Amid that understandable sorrow, Shankman says: “I would say it’s been very affirming … to watch and witness as parents continue to transmit their values and tradition to their children. It’s certainly something that’s happened before in Jewish history: There have been outside forces that made it challenging to continue forward. [Now it’s] a different type of bravery and courage, but we’ve witnessed a sense of commitment and a sense of connection.”
When it came to the post-service party, however, Hiller says that “families were paralyzed.” Many who’d planned events for the first half of 2020 had put down a deposit on a venue, paid a caterer and booked a DJ. “That money is gone,” she says. Families who’ve had more time to adjust are imagining these events anew. “The questions we’re getting now are: I’m not postponing the party. What can we do, creatively?”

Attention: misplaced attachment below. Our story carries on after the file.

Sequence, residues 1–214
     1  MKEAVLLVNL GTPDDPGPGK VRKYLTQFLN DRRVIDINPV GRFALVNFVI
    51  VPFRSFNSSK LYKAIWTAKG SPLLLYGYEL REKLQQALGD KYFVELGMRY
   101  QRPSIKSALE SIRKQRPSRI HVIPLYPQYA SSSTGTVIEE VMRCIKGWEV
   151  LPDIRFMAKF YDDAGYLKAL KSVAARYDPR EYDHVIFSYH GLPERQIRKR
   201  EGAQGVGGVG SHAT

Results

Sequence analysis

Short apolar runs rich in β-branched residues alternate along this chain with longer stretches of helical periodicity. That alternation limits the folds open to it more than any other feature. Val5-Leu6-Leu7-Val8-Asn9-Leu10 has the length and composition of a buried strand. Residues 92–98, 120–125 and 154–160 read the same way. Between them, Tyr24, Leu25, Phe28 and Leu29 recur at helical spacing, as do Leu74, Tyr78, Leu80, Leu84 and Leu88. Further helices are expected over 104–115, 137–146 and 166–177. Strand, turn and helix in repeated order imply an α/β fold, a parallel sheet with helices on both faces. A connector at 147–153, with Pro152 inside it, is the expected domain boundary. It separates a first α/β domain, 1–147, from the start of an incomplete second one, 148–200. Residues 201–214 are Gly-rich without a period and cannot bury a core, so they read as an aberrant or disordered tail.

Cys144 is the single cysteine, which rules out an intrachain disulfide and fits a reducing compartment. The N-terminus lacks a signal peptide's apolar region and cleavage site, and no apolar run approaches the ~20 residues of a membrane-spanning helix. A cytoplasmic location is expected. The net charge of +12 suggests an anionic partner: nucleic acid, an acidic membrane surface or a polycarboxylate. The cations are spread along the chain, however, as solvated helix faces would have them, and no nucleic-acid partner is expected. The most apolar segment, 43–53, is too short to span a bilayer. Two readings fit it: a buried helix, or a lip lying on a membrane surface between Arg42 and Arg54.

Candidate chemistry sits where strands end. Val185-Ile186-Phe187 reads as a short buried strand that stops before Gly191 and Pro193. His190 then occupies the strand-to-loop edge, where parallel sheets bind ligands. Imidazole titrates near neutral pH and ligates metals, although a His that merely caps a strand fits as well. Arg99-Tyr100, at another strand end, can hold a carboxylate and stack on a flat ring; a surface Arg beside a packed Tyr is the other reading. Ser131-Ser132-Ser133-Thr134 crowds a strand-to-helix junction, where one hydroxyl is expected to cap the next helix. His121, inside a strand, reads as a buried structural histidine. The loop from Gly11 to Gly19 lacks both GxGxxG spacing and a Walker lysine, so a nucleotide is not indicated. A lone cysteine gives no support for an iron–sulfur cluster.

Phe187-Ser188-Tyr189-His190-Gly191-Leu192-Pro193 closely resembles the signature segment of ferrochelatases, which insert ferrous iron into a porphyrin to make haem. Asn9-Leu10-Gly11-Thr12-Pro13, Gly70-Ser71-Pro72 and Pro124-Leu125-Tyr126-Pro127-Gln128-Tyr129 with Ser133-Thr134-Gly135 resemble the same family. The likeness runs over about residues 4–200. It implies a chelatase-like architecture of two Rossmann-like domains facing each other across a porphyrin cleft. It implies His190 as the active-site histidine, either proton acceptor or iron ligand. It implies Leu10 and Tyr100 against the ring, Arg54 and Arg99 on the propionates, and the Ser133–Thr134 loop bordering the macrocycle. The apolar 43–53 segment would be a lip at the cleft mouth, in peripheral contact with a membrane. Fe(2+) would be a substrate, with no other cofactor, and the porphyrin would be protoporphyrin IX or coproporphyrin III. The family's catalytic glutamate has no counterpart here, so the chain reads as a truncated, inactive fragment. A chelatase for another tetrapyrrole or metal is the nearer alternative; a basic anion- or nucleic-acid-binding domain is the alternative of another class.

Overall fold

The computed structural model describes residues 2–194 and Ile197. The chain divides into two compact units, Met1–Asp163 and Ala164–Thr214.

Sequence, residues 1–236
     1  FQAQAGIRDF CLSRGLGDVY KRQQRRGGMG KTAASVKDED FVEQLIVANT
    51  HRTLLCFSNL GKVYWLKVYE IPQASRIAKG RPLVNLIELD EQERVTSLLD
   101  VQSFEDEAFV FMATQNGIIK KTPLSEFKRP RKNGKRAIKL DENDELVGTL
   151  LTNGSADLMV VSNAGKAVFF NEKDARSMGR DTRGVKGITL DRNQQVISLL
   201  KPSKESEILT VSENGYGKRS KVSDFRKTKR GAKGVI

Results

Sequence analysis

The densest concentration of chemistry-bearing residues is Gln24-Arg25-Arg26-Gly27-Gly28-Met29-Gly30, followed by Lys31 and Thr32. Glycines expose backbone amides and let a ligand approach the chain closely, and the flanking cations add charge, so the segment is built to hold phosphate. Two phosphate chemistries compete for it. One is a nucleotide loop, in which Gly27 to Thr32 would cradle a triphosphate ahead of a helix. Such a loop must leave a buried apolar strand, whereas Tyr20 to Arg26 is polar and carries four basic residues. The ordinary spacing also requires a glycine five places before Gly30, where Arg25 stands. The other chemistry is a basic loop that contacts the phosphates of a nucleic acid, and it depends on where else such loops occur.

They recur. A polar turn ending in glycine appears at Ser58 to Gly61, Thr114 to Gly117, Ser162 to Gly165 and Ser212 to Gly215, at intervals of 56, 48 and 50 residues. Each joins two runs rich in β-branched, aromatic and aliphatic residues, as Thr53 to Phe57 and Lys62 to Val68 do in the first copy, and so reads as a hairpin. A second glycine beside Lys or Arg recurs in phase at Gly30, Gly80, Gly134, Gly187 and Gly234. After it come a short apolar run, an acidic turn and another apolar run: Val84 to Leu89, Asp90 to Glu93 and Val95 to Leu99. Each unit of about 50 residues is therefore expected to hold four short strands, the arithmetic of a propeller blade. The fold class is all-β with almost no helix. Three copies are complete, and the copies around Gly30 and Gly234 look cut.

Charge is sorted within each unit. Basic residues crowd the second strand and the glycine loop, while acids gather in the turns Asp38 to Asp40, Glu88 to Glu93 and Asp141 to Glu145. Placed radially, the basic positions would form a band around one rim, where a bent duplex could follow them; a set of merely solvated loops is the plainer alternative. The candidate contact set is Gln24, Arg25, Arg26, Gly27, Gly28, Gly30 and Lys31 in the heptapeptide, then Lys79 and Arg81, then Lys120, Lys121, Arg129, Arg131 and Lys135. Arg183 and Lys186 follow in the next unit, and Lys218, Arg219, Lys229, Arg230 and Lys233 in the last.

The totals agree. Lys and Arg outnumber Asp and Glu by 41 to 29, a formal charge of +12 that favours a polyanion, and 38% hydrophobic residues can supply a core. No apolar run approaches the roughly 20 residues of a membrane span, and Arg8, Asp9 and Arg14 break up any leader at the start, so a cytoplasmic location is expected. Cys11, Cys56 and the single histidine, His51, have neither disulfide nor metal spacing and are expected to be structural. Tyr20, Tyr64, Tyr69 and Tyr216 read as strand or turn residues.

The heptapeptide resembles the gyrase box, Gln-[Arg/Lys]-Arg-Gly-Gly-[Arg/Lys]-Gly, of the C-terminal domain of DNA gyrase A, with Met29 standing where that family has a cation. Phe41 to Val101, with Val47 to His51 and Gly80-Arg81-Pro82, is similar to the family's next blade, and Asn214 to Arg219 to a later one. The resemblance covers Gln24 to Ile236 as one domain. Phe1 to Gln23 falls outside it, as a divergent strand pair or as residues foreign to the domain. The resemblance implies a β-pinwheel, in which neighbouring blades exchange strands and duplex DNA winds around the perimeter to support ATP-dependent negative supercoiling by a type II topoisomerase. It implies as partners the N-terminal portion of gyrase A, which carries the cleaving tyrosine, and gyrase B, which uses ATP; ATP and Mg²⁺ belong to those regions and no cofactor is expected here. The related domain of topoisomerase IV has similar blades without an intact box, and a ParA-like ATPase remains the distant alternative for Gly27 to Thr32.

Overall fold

The go-to pandemic choice is a drive-by: The celebrant hands out goody bags in front of their house to a car parade of friends who shout mazel tovs out their windows. But Amanda Levine wanted something unique. Her daughter, Maya, attends a Jewish day school in Baltimore. When the pandemic hit, one of the first things the parents worried about was how their children would handle missing out on “such an important year for friendship-building.” “It took me a long time to embrace that this year has to be different,” Levine says. “Our other two girls had a big DJ party and fancy dresses and hair and makeup and the whole business, and she wasn’t going to have that.”